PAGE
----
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ranjeet August 31, 1999 10:54

heat transfer prediction.
Hi, I have a question. suppose there is a tube and I solve the flow and turbulent equations for the flow and adapt the grid till the pressure drop results do not change, i.e a grid independent solution( i am using a two layer model). now I solve for the heat transfer with constant properties. so I just solve the energy equation. BUT will the grid independent solution be grid independent for the heat transfer also. As in my case Pr is 7 so accordingly the thermal sublayer would be thinner then momentum sublayer. the momentum sublayer would be well resolved but for the heat transfer do I need to further refine the grid.

Thanks Ranjeet

John C. Chien August 31, 1999 11:12

Re: heat transfer prediction.
(1). Follow your own intuition. And check your results.

Mehrdad Raisee August 31, 1999 12:05

Re: heat transfer prediction.
Your grid might be good for the mean flow prediction, but not for heat transfer. I suggest to check the followings:

1)Plot velocity profiles in the log-scale(U+ via Y+). Make sure you have enough grids in the near-wall region.

2)Now you can do the same thing for the thermal field i.e T+ via Y+ [T+=qw/(rho cp Ut)]. Such plots will tell if you are accurately resolving the conduction dominated near-wall region.

3) Calculate the Nusselt number and refine your grid until it doesn't change with further grid refinment.

andy August 31, 1999 16:51

Re: heat transfer prediction.
No and your reasoning is correct. The pressure drop is rarely a wise measure of grid indpendence if wall functions are used.

Robin September 1, 1999 02:24

Re: heat transfer prediction.
A knoweldge of WHY you are conducting the CFD simulation will provide you with the parameter to check for grid independence. If it's heat transfer you're after then Nusselt number will do. It's interesting to note that not all parameters become grid independet at the same rate.....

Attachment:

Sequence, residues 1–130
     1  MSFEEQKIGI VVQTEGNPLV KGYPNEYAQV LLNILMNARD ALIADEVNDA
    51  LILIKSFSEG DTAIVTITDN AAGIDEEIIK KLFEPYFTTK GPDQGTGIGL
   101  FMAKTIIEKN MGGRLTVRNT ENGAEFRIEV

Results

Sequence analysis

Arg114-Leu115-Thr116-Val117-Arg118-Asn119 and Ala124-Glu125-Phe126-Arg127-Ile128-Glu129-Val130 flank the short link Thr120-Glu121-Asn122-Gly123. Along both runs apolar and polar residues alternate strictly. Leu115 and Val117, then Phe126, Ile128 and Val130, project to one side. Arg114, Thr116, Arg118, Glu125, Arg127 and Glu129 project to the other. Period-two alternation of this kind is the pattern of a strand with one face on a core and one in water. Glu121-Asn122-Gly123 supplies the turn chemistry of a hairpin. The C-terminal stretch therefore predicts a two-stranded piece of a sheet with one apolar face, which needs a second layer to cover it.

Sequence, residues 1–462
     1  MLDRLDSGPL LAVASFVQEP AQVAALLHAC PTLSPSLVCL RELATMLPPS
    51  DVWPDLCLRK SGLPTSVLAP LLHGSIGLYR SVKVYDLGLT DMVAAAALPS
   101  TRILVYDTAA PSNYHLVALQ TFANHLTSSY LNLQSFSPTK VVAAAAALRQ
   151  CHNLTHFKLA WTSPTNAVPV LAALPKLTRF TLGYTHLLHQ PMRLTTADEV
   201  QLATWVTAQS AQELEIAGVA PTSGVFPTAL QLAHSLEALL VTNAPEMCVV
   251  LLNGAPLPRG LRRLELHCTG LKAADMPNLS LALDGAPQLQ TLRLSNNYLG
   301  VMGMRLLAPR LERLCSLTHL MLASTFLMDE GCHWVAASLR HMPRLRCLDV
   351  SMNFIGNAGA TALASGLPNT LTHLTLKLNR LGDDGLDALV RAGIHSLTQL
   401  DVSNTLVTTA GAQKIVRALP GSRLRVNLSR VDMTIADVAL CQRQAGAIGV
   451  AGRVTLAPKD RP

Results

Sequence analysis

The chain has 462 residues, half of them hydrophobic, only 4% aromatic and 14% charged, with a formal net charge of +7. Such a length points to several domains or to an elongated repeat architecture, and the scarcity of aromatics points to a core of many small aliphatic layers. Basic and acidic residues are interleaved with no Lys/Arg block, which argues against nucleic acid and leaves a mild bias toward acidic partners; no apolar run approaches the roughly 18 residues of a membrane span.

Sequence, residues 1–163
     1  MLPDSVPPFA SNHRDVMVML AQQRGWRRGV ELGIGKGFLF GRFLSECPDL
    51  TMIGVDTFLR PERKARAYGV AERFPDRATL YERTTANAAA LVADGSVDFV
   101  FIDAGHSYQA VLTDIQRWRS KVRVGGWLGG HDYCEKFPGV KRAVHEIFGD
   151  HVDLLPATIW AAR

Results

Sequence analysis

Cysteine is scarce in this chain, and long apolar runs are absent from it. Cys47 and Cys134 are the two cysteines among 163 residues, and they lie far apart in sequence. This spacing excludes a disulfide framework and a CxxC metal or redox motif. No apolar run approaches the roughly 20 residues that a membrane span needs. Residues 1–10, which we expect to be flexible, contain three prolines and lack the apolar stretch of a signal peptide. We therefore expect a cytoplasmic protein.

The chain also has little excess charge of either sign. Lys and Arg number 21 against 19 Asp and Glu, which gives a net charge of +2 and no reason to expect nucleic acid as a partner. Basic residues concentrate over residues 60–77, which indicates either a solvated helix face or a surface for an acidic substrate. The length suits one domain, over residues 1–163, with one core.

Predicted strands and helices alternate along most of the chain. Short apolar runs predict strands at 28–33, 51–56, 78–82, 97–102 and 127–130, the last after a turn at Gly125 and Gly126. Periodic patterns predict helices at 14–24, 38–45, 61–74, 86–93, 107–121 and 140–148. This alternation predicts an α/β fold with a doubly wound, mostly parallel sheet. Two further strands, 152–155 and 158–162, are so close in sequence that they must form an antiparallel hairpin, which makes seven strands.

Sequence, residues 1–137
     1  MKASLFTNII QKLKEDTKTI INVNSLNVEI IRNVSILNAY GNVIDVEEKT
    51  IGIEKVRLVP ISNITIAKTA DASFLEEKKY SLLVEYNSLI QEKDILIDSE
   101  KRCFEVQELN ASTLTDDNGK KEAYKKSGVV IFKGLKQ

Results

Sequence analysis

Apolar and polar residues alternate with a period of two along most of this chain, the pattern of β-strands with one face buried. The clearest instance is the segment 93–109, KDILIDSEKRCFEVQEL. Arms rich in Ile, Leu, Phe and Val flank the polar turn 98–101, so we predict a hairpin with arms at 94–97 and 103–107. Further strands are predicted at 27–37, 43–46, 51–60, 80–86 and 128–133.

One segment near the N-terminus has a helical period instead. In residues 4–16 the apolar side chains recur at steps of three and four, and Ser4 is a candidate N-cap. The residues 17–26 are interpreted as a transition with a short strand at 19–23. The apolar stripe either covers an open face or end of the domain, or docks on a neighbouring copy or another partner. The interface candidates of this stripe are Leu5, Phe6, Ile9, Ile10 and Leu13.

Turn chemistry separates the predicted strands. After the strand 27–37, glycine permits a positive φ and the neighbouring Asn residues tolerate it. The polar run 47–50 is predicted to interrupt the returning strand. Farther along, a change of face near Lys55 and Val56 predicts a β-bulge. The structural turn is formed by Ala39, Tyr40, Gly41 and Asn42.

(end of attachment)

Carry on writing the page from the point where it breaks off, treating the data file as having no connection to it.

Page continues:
andy September 1, 1999 06:24

Re: heat transfer prediction.
No. A solution is either grid independent or it is not. A wise person will monitor a sensitive quantity (e.g. loss) and not just a quantity they happen to be interested in.

Having said that, if you are performing 3D engineering simulations then you will be dealing grid dependent solutions. For these solutions to be reliable the engineer needs to be fairly confident that the effects of the partially unresolved terms are not going to trip them up. This requires the engineer to have knowledge of what inadequate resolution is doing to the solution (well, probably, since it would be unwise to have absolute condfidence in the answers from unresolved nonlinear equations). Alternatively, they can simply believe (have trust in?) the solution and, perhaps, that will OK. In the real world this is often necessary but it is an inherently risky strategy. Education is the key to reducing this risk but that can be expensive.

Of course, the same goes for the modelling assumtions built into the governing equation (but in spades). And the, usually only partially known, boundary condtions.

However, I would fully endorse your first comment that an engineer has got to know what answers they want before starting a simulation.

Robin September 1, 1999 06:41

Re: heat transfer prediction.
You're right, it comes down to the concept of risk (rather trust and confidence). I still hold though that if the only parameter you are interested in achieves grid independency (i.e. a parameter such as a wall point temperature)then why bother to refine the mesh to resolve features that:

a) are not of concern b) do not affect the point temperature (this is assured because the point temperature does not vary with addition of grid)

There are some who maintain that the ONLY useful solution is a totally accurate solution. To quote a very wise man indeed:

"All models are wrong but some are useful"


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